By Susan Kurlander, Health Educator, Prevention Education
“I don’t abuse alcohol. I look forward to drinking sometimes to relieve stress, to help me deal with the extra work I have to do, or to loosen me up when I’m with friends.”
“I can’t be an alcoholic. I’m too young, too smart, too healthy, too able to control my drinking.”
How many times have we made comments like these about ourselves, or heard them from a friend or family member?
People don’t want to face the stigma of being labeled. It’s easier to minimize the problem and not to seek help if we don’t identify ourselves or someone close to us as being an abuser of alcohol or an addict.
What would happen if we stopped categorizing people and looked instead at a continuum of use? This is what the American Psychiatric Association (APA) is suggesting, believing that this shift would motivate more people to seek the help they need. In an article called “Are You Almost Alcoholic? Taking a New Look at an Old Problem” (“The Atlantic,” April 2012), Joseph Nowinski, Ph.D., and Robert Doyle, M.D.,* describe this proposed change in how we understand alcohol use and abuse.
Until recently, the DSM (Diagnostic and Statistical Manual) identified an abuser of alcohol as someone who is not yet physically dependent on alcohol, but who has experienced severe consequences, such as domestic violence, serious illness, or loss of a job because of poor performance. The addict has been identified as someone whose drinking is synonymous with dependency. Are there gaps between the categories of abuser and addict? Absolutely.
That is why the APA is recommending this shift from labeling or categorizing people to viewing their behavior instead on a broader spectrum. It’s a way of raising our awareness. Using this concept, we realize that all of us fall somewhere on the continuum, which ranges from abstinence to use to abuse to addiction. We also see that people can move along the continuum in either direction.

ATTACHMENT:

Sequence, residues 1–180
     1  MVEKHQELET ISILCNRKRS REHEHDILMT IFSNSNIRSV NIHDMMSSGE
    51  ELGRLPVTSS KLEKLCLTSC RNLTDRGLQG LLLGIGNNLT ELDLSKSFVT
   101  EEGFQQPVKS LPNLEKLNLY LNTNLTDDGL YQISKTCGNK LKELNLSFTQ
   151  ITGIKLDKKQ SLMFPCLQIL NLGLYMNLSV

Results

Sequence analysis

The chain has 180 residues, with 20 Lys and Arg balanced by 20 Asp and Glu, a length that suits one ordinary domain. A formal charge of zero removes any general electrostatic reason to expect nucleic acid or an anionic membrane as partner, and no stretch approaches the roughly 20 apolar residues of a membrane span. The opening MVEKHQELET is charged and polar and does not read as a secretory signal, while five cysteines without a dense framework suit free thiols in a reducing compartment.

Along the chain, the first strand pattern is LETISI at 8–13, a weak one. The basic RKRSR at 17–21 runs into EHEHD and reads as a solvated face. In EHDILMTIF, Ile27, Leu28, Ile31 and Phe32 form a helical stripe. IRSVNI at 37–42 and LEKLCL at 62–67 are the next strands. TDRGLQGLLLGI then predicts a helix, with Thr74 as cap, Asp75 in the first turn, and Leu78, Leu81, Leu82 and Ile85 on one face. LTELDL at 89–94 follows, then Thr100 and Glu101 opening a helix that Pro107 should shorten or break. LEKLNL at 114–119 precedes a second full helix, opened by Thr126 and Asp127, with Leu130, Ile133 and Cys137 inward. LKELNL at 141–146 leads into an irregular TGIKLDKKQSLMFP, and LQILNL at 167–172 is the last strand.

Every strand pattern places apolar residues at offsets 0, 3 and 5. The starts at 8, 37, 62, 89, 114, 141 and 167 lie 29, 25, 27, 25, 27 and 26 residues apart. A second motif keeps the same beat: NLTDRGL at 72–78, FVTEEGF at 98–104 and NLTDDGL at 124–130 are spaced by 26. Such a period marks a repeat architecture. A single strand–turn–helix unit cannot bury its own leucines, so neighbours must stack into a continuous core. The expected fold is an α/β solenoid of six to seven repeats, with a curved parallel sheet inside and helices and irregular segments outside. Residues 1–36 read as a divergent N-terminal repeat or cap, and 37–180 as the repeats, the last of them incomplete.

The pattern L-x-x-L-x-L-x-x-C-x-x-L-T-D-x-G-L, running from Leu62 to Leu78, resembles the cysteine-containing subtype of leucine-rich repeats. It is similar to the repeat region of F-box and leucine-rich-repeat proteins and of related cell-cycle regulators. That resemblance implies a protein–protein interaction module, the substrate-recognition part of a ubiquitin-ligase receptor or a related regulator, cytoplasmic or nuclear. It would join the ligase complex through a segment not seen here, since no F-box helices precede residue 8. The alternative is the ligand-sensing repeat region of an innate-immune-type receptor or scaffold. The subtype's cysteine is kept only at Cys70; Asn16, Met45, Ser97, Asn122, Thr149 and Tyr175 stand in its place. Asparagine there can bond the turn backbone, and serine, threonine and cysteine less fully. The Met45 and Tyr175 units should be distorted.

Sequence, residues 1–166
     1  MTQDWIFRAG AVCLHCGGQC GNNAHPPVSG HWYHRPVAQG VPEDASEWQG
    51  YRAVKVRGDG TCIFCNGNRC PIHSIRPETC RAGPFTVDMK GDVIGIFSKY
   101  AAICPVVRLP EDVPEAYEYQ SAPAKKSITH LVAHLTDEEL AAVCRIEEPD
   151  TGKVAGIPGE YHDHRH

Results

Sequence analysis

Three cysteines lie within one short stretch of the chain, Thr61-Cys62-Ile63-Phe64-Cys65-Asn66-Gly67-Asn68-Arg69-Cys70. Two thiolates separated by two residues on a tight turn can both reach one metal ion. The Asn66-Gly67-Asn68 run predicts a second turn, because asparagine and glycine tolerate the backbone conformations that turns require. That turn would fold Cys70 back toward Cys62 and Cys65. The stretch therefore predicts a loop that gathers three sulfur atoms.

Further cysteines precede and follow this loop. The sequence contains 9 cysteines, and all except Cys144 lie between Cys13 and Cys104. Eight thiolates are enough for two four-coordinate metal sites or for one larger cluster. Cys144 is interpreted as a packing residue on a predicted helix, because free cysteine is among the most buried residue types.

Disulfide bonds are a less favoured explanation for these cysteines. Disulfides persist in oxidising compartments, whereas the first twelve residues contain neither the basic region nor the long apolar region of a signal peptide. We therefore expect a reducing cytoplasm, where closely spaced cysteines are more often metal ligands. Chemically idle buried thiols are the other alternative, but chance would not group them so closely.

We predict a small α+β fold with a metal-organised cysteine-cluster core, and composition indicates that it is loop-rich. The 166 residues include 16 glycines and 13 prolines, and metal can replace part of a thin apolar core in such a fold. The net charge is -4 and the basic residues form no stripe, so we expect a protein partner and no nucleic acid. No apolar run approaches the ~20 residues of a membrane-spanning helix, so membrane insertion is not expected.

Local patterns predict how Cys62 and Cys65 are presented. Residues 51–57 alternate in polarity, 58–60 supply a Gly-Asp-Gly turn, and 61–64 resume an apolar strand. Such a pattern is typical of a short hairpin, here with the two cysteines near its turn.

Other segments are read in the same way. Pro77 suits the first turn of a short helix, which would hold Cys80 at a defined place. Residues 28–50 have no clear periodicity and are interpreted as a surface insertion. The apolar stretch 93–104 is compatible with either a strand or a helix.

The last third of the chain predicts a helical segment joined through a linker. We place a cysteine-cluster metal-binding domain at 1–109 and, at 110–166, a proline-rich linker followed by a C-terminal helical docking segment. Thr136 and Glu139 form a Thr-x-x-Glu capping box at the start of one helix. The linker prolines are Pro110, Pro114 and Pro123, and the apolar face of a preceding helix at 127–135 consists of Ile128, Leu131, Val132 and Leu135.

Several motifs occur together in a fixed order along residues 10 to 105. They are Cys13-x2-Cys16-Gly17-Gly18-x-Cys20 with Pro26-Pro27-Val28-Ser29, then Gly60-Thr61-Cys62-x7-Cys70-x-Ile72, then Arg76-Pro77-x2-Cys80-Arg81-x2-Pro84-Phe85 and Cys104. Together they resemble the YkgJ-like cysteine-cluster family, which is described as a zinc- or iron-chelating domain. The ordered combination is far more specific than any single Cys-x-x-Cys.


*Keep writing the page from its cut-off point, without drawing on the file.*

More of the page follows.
Nowinski and Doyle identify some signs that a person has moved beyond normal social drinking and is further along the spectrum into “the almost alcoholic zone.”
- Drinks to relieve stress, boredom or loneliness
- Finds drinking makes social situations more comfortable
- Looks forward to drinking and may often drink alone
- Continues to drink even if the alcohol is affecting health or job performance
- Drinks to maintain a “buzz”
- Doesn’t refrain from driving while under the influence
In fact, there can be problems all along the continuum. A person may decide to stop driving after drinking, but alcohol use may still be negatively affecting other areas of his life, such as family relationships or work. It is important for relatives or friends not to think, “Maybe I’m making too much of this,” but to recognize where the problems lie and to address them before they get worse.
Some mental health professionals do not agree with the APA’s new approach. For example, Nowinsky and Doyle mention that critics might see the shift away from categories for alcohol use as “opening the door to over-diagnosing the associated problems.”
Nevertheless, seeing ourselves or loved ones on a continuum of use could open the door to a conversation with someone reluctant to acknowledge that he or she may have a problem with alcohol. Another benefit is that a professional could identify warning signs and provide help earlier, which may prevent devastating consequences down the road. Shifting our perspective from specific labels to a spectrum of use could help more people recognize possible problems and seek help for themselves or their loved ones more readily.
If you or someone close to you would like help with problems related to alcohol use or abuse, you can contact Jewish Community Services, 410-466-9200.
By Susan Kurlander, Health Educator, Prevention Education, Jewish Community Services, Baltimore, MD
*Joseph Nowinski and Robert Doyle are co-authors of “Almost Alcoholic: Is My (or My Loved One’s) Drinking a Problem?” (2012).
To learn more about how JCS can help you solve life’s puzzles please visit our home page or call 410-466-9200.